For the fiscal year of 2022, there was a budget deficit of 1.4 trillion dollars. This means the United States is in nearly 31 trillion dollars of debt. This is alarming for Congress because if they do not get a hold on spending and the amount of debt we are in, this country could be heading toward a financial crisis. Congress is aware of this, and it is one of the main concerns for the 2023 fiscal year. Congress needs to spend less money this year, which always seems to be a problem for them. They project that by 2032, in just ten years, the federal debt will be over 110% of the country’s GDP. This is extremely alarming as this will have consequences on the American economy and the global capital markets. Excessive government spending on things such as the military or stimulus checks take away from the government’s ability to provide essential goods for its citizens. The new focus for Congress should be to cut back spending and refocus and reanalyze where they have been spending their money.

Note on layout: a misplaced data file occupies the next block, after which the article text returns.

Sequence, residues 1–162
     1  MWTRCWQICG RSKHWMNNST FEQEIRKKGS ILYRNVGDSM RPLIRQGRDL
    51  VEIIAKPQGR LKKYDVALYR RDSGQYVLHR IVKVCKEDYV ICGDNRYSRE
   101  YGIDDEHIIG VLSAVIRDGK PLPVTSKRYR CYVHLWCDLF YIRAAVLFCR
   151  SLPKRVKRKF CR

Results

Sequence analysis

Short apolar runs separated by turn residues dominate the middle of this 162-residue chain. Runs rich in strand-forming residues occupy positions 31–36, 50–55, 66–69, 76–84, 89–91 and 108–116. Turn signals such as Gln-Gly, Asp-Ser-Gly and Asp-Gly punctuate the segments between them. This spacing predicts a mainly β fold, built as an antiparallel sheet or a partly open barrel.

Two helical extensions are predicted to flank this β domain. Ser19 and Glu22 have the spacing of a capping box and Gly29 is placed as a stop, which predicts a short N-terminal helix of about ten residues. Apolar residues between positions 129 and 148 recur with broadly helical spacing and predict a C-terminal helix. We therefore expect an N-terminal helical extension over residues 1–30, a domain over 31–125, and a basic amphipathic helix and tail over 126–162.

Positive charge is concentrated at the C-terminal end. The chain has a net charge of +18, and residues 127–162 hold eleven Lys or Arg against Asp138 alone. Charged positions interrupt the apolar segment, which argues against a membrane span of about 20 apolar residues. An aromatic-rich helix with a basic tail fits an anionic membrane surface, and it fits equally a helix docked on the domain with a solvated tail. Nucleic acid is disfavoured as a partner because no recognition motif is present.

The last major deficit reduction deal negotiated over a debt limit standoff was in 2011. Then Republican House Speaker John Boehner and then Democratic President Barack Obama agreed to the Budget Control Act within days of the Treasury reaching the debt limit. The Budget Control Act also set up a bipartisan fiscal commission‐the Joint Select Committee on Deficit Reduction, also known as the Super Committee. Congress tasked the committee with identifying spending cuts to entitlement spending. In the event, the committee process failed, automatic spending cuts, called sequestration in the budget speech, would kick in. The committee did fail, and sequestering ended up taking place. The Budget Control Act was not as effective as it could have been due to Congress renegotiating it several times to avoid more substantive cuts to government programs. Congress needs to shift gears by pursuing deficit reduction that enables economic growth and complements the deflationary actions of the Federal Reserve. This action needs to happen quickly before we are all caught in a financial crisis.